Seal Pups Arrive on Shore

BOSTON – Officials with the New England Aquarium are reminding beach combers to not approach newly weaned seal pubs as they rest on shore, saying it is stressful for the animals. In a statement, the Aquarium described the situation over the weekend and offered tips on what to do if you encounter a seal. 

Over the weekend, a heavy surf brought many young seals to shore to rest where they encountered lots of people who were out walking beaches in the sunny, 50 plus degree weather.

Officials said young seals were too often disturbed by beach walkers who were much too close and consequently stressing out these vulnerable young animals, which desperately need their rest.

In the late winter along the Massachusetts coast, there are thousands of newly weaned, grey seal pups as well as yearling harp seals visiting for the winter from Canada. Given their youth and inexperience, they often haul out on popular beaches or on spots that have had little human traffic most of the winter.

Federal law requires people to stay more than 150 feet from a resting seal –that is half of the distance of a football field.

Misuse of social media has made life much more difficult for resting, young seals. When discovered, their locations are often posted to social media websites drawing many more people to the scene, often resulting in crowds of people gathered within a few feet of a very frightened seal pup. Selfie culture has resulted in people taking pictures which are way too close to the animal.

Adult seals are experienced and rarely stay in high traffic locations, but young animals do not yet know better. They are already struggling to survive and coming too close compromises their health by skyrocketing their stress hormones and denying them desperately needed rest.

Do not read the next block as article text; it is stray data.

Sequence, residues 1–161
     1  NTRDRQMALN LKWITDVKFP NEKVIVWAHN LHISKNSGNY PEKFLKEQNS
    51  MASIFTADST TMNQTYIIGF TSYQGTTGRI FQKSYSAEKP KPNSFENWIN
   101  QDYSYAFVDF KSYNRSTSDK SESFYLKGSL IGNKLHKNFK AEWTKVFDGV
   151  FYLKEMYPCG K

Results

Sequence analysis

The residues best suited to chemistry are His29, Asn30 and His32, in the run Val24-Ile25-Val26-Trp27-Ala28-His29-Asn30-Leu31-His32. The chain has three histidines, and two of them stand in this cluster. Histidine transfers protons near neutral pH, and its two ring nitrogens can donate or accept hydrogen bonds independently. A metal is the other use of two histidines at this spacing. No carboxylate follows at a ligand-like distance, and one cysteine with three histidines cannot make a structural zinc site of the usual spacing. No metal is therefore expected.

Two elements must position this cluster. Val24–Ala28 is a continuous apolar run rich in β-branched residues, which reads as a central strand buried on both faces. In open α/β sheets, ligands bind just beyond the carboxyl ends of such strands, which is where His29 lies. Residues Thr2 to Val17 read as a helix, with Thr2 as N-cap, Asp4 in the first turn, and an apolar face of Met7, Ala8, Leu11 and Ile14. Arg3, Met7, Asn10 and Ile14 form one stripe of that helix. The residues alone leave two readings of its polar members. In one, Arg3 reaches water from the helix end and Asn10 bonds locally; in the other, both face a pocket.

Also seals are wild animals that can bite and transmit diseases, which are less familiar to human immune systems.


1. Stay at least 150 feet from the seal.

2. Call the New England Aquarium’s Marine Animal Hotline at 617-973-5247.

3. Keep the area quiet.

4. Keep all dogs away from the seal.

5. Take notes on the exact location, size, behavior and whether the seals appear injured.


1. Seals are on land for a reason – do not touch them or try to put them back in the water. They will bite.

2. Seals do not need to be wet all of the time – do not pour water on them.

3. Human food can be harmful to seals – do not feed them.

4. Some seals shiver while drying – do not cover seals with blankets or towels in an attempt to keep them warm.

 5. Seals need their rest – do not let others harass seals by poking them, throwing objects at them or making loud

    noises in an attempt to make them move.

Seals are protected under a federal law called the Marine Mammal Protection Act. People caught harassing or disturbing seals are subject to a large fine.


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